Why all the fuss and feathers over Trump the Tweeterin-Chief? Roughly a week ago, Chuck Jones, president of United Steelworkers Local 1999 challenged Donald Trump for his claim to have saved a thousand jobs at Carrier Corporation in Indiana.
Jones should know about such matters as jobs and whether Carrier is shipping them overseas; he said Trump’s boast that he had saved those jobs was overdoing it, that 350 positions had been saved already.
The president-elect, offended that a union boss would challenge his boast, began working his thumbs, tweeting that Jones “has done a terrible job representing workers.
No wonder companies flee country.” (As if Trump knows anything at all about Jones’s union responsibilities.)
Suddenly, America’s Tweeter-in-Chief is accused of cyberbullying. A Republican strategist, alarmed, feared that Trump’s messaging could “discourage people from speaking out.”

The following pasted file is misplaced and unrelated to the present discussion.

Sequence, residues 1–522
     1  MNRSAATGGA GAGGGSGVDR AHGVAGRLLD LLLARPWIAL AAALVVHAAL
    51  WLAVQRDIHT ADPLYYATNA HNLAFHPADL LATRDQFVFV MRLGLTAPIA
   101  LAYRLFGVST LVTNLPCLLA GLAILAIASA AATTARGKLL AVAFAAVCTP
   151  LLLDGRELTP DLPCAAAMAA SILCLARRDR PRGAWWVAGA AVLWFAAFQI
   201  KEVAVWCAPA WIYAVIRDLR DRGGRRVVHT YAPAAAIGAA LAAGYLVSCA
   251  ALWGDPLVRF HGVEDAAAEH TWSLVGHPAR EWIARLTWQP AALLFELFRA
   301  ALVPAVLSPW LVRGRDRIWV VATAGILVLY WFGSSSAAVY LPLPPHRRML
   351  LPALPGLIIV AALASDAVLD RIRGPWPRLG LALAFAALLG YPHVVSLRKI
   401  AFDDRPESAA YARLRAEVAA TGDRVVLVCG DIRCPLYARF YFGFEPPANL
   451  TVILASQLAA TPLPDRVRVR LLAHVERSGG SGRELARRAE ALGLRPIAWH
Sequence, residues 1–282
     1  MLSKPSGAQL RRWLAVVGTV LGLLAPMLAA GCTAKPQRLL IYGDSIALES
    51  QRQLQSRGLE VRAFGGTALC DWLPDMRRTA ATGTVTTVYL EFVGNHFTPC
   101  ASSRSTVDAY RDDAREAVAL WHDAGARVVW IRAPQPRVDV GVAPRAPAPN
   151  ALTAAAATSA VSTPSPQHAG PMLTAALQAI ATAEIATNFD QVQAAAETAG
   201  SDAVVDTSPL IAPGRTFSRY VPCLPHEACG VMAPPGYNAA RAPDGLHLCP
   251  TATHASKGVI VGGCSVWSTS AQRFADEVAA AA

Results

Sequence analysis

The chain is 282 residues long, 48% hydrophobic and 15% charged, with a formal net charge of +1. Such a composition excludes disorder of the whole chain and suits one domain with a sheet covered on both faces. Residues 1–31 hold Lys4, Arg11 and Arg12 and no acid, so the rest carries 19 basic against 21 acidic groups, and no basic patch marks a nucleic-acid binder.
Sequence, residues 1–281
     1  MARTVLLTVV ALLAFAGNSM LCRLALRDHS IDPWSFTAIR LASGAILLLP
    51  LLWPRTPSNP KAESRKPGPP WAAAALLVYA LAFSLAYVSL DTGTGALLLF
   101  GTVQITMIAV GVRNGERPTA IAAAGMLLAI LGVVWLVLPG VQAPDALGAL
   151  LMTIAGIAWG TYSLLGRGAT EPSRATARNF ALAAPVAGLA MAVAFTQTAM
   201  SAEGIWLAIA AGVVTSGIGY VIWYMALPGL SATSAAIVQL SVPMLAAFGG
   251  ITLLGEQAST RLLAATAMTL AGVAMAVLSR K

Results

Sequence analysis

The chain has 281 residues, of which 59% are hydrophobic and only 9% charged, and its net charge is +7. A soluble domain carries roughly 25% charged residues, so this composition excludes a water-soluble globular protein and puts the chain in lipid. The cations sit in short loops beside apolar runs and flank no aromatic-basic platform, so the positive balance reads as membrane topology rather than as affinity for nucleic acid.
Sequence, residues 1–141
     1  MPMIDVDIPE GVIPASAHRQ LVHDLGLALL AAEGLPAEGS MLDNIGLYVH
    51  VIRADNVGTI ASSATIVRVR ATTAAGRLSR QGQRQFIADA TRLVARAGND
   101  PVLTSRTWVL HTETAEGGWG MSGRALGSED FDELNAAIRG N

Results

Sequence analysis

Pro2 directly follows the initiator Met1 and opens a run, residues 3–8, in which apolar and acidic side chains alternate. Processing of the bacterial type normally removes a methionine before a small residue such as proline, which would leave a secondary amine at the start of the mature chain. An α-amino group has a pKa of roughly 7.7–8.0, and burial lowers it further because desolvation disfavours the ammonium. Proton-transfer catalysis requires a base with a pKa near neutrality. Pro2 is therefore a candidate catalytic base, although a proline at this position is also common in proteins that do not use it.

There is a great difference between cyberbullying, and cyber-belching. Trump’s twitter-twaddle carries all the force of gnat flatulence in a Kansas headwind.
Discourage people from speaking out? Really? Trump’s swamp gas via twaddle-feed sends a union boss cowering in his boots? Trump’s tweedling is not intimidating, it’s embarrassing, our president-elect thumbing away furiously, like some socially-challenged grade-schooler who just lost at musical chairs.
Cyberbullying is a serious matter. But from our Twaddler-in-Chief, a cyberbelch is best ignored with the rest of his thumb spasms, politely and with sympathy.
– JOHN MARSHALL